// We return a fixed value of the same type as the original
                // method
                return "Hello FixedValue!";
            }

        });

        SimpleClass sc = (SimpleClass) er.create();
        // We think we are using Simple Class!
        // But instead Hello FixedValue! is printed
        System.out.println(sc.getHello());

    }

}

class SimpleClass {
    public String getHello() {
        return "Hello World!";
    }
}

We can use the MethodInterceptor interface to invoke the original method call and optionally return a modified version. Check out the following example which uses Enhancer and MethodInterceptor,

import java.lang.reflect.Method;

import net.sf.cglib.proxy.Enhancer;
import net.sf.cglib.proxy.MethodInterceptor;
import net.sf.cglib.proxy.MethodProxy;

public class EnhancerMethodInterceptorDemo {
    public static void main(String[] args) {

        Enhancer er = new Enhancer();
        er.setSuperclass(SimpleClass2.class);
        er.setCallback(new MethodInterceptor() {

            @Override
            public Object intercept(Object obj, Method method, Object[] args, MethodProxy proxy) throws Throwable {
                // Call the method of the original class
                Object o = proxy.invokeSuper(obj, args);

                // Take a look at what original class returned
                System.out.println("Inspecting " + o);

                // We can even modify it if needed.
                // if you have mutliple methods, return type should be checked
                // (use method.getReturnType())
                return ((String) o).toUpperCase();
            }
        });

        SimpleClass2 sc = (SimpleClass2) er.create();
        System.out.println(sc.getHello());

    }

}

class SimpleClass2 {
    public String getHello() {
        return "Hello World!";
    }
}

Using Cglib ImmutableBean

The ImmutableBean in cglib can be used to return a read only copy of a java bean. Any modification attempted will throw a runtime error. Check out the following example,

import net.sf.cglib.beans.ImmutableBean;

public class ImmutableBeanDemo {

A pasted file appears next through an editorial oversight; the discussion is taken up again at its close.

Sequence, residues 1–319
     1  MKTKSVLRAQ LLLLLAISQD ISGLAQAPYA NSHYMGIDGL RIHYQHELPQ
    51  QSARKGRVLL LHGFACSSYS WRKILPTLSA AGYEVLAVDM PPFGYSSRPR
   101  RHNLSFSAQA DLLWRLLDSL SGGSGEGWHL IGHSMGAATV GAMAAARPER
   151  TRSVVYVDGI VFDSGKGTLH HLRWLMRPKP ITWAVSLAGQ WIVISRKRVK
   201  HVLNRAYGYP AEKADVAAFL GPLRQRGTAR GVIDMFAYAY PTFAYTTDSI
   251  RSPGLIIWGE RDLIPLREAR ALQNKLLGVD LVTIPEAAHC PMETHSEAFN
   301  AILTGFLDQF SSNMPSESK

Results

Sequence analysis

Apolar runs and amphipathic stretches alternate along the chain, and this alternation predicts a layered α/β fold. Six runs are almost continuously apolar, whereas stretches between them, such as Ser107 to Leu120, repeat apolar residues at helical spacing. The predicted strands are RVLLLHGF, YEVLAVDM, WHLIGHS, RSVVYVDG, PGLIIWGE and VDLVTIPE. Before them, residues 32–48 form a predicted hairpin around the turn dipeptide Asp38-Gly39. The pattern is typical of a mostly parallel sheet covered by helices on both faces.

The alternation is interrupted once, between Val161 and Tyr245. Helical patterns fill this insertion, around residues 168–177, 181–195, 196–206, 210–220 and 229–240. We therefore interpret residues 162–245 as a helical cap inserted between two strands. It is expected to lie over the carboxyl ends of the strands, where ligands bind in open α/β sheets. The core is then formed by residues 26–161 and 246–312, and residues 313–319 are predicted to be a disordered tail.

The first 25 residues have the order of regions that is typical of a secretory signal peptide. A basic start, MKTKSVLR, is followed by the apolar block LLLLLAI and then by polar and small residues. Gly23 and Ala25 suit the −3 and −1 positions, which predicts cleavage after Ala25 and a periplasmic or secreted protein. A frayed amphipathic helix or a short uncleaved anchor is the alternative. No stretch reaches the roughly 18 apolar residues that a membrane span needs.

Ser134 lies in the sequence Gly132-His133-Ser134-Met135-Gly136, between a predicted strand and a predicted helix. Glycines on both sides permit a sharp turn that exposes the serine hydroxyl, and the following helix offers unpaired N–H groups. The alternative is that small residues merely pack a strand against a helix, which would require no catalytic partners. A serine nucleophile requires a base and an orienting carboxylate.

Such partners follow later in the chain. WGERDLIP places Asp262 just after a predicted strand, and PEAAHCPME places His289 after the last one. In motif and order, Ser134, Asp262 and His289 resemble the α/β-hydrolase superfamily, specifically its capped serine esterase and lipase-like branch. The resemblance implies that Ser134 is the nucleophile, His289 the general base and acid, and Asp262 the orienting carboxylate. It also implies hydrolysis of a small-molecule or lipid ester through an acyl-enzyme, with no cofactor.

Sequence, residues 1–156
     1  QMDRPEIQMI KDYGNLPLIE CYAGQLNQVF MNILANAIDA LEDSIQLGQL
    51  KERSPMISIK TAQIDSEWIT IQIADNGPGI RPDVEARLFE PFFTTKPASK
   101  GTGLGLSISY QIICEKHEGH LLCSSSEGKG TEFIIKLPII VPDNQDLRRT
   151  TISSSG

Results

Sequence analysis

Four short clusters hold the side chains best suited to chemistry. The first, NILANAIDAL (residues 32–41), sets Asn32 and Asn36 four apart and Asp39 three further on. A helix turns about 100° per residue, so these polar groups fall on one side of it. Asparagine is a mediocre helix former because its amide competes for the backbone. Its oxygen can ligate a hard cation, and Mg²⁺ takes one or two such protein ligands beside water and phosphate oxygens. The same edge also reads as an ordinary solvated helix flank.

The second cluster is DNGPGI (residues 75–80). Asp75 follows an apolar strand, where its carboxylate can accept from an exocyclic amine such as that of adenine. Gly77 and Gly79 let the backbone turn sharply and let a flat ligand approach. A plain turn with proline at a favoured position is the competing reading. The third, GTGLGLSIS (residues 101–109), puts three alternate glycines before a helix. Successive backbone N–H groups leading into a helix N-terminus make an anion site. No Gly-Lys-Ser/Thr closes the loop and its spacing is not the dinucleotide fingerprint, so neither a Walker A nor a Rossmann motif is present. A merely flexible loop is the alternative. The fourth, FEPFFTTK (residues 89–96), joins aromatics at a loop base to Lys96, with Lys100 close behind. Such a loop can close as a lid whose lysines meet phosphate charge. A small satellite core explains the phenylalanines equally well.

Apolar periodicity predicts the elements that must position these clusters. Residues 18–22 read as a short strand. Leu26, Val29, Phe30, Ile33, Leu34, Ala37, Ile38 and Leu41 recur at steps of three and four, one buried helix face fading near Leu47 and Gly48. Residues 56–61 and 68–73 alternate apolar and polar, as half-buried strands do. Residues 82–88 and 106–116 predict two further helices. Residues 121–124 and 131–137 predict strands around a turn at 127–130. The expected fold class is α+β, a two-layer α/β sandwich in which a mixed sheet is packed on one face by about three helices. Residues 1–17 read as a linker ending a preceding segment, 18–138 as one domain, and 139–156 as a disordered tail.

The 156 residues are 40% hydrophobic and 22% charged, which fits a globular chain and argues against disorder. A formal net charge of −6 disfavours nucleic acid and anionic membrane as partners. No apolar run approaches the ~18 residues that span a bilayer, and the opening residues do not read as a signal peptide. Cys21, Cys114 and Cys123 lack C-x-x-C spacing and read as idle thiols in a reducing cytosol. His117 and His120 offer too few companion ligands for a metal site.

public static void main(String[] args) {
        SimpleBean bean = new SimpleBean();
        bean.setName("QPT");

        SimpleBean bean2 = (SimpleBean) ImmutableBean.create(bean);

        // This throws a runtime exception
        // java.lang.IllegalStateException
        bean2.setName("QPT2");

    }

}

class SimpleBean {
    private String name;

    public String getName() {
        return name;
    }

    public void setName(String name) {
        this.name = name;
    }
}

Using Cglib BeanCopier

The BeanCopier in cglib can be used to copy properties from one bean class to another bean class. The copying is done looking at the matching property name. Check out the following example,

import net.sf.cglib.beans.BeanCopier;

public class BeanCopierDemo {
    public static void main(String[] args) {
        SimpleBeanA beanA = new SimpleBeanA();
        beanA.setName("QPT");

        SimpleBeanB beanB = new SimpleBeanB();

        BeanCopier copier = BeanCopier.create(SimpleBeanA.class, SimpleBeanB.class, false);
        copier.copy(beanA, beanB, null);

        System.out.println(beanB.getName());
    }

}

class SimpleBeanA {
    private String name;
    public String getName() {
        return name;
    }
    public void setName(String name) {
        this.name = name;
    }
}

class SimpleBeanB {
    private String name;
    public String getName() {
        return name;
    }
    public void setName(String name) {
        this.name = name;
    }
}

Spring 4 Hello World Example With Java Configuration

Spring framework is a lightweight, modular and non-invasive application framework for building java applications. Older versions of spring framework required verbose XML files for configuring java beans. Since spring 3.0, bean configuration can be specified in java code itself and is commonly know as java config(java configuration). Now it is possible to build a full fledged spring application without a single line of XML!

The following example shows how java config and annotations can be used to build a simple hello world program using spring dependency injection. This example requires the following tools,

  • Java 8
  • Spring framework 4.3.7.RELEASE or above
  • Spring Tool Suite (With Gradle 3.4) 3.8.4.RELEASE or above

Ensure that you have java 8 on your system. To verify availability of java 8, run the following command from console,

java -version

If you don’t have java 8 installed, download it from here.

Step 1: Create a simple gradle java project from spring tool suite. Delete any java classes created under src/main/java and src/test/java folders.

Step 2: Create a java class to represent our service layer. In this example, we will write a very simple service class named HelloWorldService(in demo package) with a simple method to write "Hello World!" to the console. Save HelloWorldService.java in src/main/java/demo folder. Note the use of @Service annotation which tells framework that this is a component and its lifecycle must be managed by spring IoC container.